Facebook has announced that it wants to create 10,000 jobs in the European Union (EU) to build its metaverse, a virtual reality space in which users can interact with a computer-generated environment and other users.
The concept of the metaverse can be traced to Neal Stephenson’s 1992 cyberpunk novel Snow Crash. In the novel, the metaverse is a virtual shared space that appears to its users as an urban environment. This space is accessed through personal terminals connected to virtual reality goggles.
Sound familiar? That’s because the metaverse is quickly becoming a reality thanks to companies like Oculus, a subsidiary of Facebook, and the combined effort of developers and content creators from around the world.
By creating thousands of new high-skilled jobs within the EU over the next five years, Facebook wants to accelerate the development of the metaverse to usher in a new phase of interconnected virtual experiences, enabled by technologies like virtual and augmented reality.
“At its heart is the idea that by creating a greater sense of ‘virtual presence,’ interacting online can become much closer to the experience of interacting in person,” said Nick Clegg, Facebook’s vice-president of global affairs. “The metaverse has the potential to help unlock access to new creative, social and economic opportunities”.
According to the official announcement, Facebook decided to invest in the EU because the company believes that European talent is world-leading, supported by first-class universities. Facebook also mentioned the role European policymakers are playing in shaping the internet, so it’s likely that the investment has a political dimension to it.
Aware of its tarnished reputation, the social media giant stressed that no single company would own and operate the metaverse — just like no single company owns the internet today. Of course, that doesn’t change anything about the fact that Facebook wants to play a huge role in it.
Earlier this year, Mark Zuckerberg told his employees that Facebook is becoming a metaverse company with the goal of building a set of connected social apps and supporting hardware. The recently released Horizon Workrooms remote collaboration app for the Oculus Quest 2 headset can be seen as an early piece of the much larger puzzle the metaverse will become in the future.
Spotify Is Experimenting With Artist NFT Collections
According to a recent survey, it seems that the currently tested NFT collections are just the first step toward a much broader implementation of NFTs into the platform.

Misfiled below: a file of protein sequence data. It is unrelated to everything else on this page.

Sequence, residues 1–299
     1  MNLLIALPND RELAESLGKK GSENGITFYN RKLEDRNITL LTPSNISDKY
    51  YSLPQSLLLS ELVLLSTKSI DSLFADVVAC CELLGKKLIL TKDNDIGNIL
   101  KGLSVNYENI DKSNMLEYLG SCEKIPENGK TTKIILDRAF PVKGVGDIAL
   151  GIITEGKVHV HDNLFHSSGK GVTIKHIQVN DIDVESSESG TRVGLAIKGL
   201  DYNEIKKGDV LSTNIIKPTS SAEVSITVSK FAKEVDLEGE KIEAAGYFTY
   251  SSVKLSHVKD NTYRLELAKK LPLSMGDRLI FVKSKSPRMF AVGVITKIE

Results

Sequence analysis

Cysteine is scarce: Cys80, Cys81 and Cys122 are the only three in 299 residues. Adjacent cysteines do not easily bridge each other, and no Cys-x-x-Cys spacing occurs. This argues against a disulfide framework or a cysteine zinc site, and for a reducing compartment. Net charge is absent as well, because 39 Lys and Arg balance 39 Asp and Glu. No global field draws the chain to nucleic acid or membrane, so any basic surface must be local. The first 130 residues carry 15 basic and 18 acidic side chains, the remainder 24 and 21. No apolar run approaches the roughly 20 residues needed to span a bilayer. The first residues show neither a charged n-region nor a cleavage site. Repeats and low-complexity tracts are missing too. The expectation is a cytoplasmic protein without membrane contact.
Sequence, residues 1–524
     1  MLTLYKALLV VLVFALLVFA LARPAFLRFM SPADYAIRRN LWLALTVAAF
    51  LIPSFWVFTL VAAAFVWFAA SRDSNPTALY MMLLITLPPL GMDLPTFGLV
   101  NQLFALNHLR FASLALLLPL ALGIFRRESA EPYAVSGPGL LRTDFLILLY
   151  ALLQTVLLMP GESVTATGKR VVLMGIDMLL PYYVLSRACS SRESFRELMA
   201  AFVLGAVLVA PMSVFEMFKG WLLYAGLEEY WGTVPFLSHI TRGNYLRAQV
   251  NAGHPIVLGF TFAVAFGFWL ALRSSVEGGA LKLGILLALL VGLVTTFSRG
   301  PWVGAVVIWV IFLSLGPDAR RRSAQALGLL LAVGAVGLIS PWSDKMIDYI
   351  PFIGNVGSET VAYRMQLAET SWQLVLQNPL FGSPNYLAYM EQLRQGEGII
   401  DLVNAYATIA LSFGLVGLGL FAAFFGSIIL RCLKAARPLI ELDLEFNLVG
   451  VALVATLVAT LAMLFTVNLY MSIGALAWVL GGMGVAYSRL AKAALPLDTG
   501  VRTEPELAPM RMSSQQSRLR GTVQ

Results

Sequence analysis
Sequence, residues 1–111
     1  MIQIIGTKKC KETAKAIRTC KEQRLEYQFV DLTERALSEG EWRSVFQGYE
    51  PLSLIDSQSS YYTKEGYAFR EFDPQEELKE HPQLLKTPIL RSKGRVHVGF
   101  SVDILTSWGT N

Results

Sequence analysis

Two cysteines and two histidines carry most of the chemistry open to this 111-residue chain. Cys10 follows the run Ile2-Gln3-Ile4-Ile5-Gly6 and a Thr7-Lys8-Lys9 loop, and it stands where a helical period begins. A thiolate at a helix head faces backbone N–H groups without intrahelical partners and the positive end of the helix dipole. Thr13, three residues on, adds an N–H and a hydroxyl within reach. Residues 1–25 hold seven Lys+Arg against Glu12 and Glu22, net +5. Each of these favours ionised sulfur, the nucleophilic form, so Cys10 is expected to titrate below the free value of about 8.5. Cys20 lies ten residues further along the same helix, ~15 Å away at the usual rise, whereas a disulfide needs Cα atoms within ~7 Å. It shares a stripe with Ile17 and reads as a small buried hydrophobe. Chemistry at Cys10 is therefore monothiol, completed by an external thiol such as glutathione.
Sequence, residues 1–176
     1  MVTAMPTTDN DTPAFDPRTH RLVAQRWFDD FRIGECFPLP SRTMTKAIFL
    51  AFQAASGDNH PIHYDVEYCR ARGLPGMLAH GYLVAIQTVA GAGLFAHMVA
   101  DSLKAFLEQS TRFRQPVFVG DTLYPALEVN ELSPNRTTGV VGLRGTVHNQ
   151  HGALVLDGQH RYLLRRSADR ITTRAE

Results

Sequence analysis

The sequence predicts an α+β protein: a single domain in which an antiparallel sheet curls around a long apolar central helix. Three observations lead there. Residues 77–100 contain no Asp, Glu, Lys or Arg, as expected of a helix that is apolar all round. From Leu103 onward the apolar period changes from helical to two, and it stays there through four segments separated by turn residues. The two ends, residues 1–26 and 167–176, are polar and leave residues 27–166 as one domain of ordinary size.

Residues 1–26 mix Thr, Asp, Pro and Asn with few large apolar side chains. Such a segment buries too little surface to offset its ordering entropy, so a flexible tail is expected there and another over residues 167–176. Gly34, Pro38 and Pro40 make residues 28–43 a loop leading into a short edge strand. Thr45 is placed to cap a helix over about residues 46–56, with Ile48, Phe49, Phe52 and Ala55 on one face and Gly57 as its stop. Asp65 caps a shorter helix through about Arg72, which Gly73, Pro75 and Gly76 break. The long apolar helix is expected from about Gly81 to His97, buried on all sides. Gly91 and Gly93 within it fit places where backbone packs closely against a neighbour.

NFT sales may have declined by 92 percent since September 2021, but that’s not stopping Spotify from experimenting with a new feature that lets artists display their non-fungible token (NFT) collections on the music streaming platform.
At the moment, only a small group of artists are taking part in the experiment, including Steve Aoki and The Wombats. What’s more, only select US users of the Spotify app for Android can see NFTs when they visit the profile pages of the aforementioned artists.
“Spotify is running a test in which it will help a small group of artists promote their existing third-party NFT offerings via their artist profiles,” said Spotify spokesperson. “We routinely conduct a number of tests in an effort to improve artist and fan experiences.”
It’s important to point out that not all Spotify experiments result in new features. It all depends on the feedback the music streaming platform receives from users.
According to a survey some Spotify users have recently received, it seems that the currently tested NFT collections are just the first step toward a much broader implementation of NFTs into the platform. More specifically, Spotify seems to be thinking about allowing its users to directly purchase NFT art to support their favorite artists.
Considering how polarizing NFTs have been since their inception in 2014, it shouldn’t come as a surprise that many Spotify users have immediately expressed their dissatisfaction with the idea of NFTs becoming part of the Spotify music listening experience.
Other large tech companies are also experimenting with NFTs. Instagram, for example, started testing NFT integration last week, allowing NFT creators and collectors to display their tokens on the platform. Mark Zuckerberg himself believes that NFTs and digital collectibles in general will play an integral role in the metaverse, the new iteration of the internet.